Overall, the few studies that have investigated the molecular changes associated with evolutionary rescue revealed that these changes often have large pleiotropic effects and may thus represent short-term solutions to an evolutionary challenge, as shown by ploidy changes. Another important observation is that rescue may take place following different evolutionary paths depending on the starting genotypes of the populations. The strong contribution of the starting genotype on the probability of rescue and on the molecular changes involved suggests that genetic variation in the potential to be rescued may exist in natural populations. The most important consequence of this finding is that the extrapolation of what is observed for a particular population or genotype to other populations is risky, for example, in the case of antibiotic resistance or rescue in the context of conservation genetics.
7. Conclusion and future perspectives
Although the studies that have elucidated the molecular bases by which adaptive mutations provide a fitness advantage or disadvantage are limited in number, they allow the identification of potential trends for future investigations. First, transcriptional regulators and signalling proteins are often involved in adaptations and the loss of plasticity caused by mutations in these regulators is often the cause of fitness trade-offs. Mutations in these regulators can also lead to cross-protection by affecting the same set of genes and physiological processes across different conditions. As adaptation to a condition could proceed through mutations in different genes within a given molecular function or pathway, another key observation is that different genes and different mutations within a gene often lead to various pleiotropic effects. In addition, these pleiotropic effects often occur in a genetic background-dependent manner. Finally, the study of rapid adaptation through evolutionary rescue suggests that the ability of a population to adapt and its mechanisms of adaptation may depend on its starting genotype.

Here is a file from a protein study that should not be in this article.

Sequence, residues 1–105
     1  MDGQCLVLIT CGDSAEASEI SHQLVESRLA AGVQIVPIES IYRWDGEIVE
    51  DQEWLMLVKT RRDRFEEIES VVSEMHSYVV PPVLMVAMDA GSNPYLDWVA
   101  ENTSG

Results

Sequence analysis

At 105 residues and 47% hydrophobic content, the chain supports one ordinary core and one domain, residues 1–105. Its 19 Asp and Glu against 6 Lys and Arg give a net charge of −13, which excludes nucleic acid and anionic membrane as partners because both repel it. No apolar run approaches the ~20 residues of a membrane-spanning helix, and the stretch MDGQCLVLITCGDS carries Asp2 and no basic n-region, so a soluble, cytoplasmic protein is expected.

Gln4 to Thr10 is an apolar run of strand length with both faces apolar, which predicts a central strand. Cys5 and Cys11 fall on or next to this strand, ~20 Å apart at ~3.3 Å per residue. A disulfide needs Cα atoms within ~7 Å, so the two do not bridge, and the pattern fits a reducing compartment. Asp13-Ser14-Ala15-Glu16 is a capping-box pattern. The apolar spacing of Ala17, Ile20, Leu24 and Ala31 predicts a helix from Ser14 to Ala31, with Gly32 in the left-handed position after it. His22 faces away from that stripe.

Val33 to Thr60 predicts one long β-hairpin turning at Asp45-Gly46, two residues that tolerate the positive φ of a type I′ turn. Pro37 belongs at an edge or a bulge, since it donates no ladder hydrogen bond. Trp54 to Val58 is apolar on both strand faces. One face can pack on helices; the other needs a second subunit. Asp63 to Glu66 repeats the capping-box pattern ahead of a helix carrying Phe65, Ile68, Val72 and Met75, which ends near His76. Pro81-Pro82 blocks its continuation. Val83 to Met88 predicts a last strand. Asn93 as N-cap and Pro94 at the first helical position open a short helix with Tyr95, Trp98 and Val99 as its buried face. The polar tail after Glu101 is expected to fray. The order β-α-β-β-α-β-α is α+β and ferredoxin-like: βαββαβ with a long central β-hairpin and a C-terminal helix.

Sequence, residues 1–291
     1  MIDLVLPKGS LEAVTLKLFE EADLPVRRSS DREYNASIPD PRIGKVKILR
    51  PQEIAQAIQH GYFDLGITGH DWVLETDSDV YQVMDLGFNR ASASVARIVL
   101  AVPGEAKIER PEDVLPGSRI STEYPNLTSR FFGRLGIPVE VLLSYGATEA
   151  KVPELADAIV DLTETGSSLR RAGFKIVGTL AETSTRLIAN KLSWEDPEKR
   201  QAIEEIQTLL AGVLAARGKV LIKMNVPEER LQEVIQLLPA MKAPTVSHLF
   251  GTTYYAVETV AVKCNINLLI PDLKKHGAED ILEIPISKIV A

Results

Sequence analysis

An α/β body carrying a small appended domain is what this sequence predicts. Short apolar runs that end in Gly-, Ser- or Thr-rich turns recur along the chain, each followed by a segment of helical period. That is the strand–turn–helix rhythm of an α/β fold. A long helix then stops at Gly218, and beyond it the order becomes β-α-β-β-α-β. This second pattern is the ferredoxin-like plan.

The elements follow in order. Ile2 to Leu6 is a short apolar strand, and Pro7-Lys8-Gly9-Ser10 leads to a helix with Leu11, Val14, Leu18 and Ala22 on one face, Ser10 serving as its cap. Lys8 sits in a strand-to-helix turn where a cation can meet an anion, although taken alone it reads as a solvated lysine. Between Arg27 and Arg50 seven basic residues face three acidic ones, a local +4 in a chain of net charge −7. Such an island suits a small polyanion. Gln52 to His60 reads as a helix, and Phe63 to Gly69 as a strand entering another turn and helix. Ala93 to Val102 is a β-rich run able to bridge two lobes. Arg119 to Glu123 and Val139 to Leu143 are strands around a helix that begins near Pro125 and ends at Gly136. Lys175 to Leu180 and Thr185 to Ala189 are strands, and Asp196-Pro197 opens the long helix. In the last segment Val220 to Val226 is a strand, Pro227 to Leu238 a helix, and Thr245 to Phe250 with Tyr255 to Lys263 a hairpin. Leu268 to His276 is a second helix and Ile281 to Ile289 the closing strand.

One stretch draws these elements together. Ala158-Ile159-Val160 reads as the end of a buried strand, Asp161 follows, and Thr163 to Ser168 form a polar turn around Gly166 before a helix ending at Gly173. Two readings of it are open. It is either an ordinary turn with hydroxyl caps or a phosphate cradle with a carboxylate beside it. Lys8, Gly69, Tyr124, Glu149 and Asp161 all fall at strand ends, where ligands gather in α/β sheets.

Another challenge will be to determine whether short- and long-term adaptation draw from the same mechanisms. As discussed above, the most rapid changes may actually be more likely to show negative pleiotropic changes in other conditions, making them unlikely to contribute to adaptation in the long term. Gene loss or the loss of regulatory mechanisms is a good example. Gene or chromosomal region amplification and aneuploidy are also molecular mechanisms that have been described as fast and easy short-term adaptive solutions. They may allow a population to survive or grow in response to sudden abrupt change but may be too costly to prevail in the long term [5,22,87]. One can imagine that these simple adaptive changes will be replaced by more refined regulatory mechanisms in the long term.
One of the major investigations to come will be to better understand the molecular bases of second-order effects (background-dependent pleiotropy, environment-dependent signs of pleiotropy) that have been brought to light through the experiments reported above. For instance, why are mutations that inactivate the same molecular pathway neutral in some cases and deleterious in others? How and why mutations that lead to rescue in one condition affect the course of evolutionary rescue in other conditions?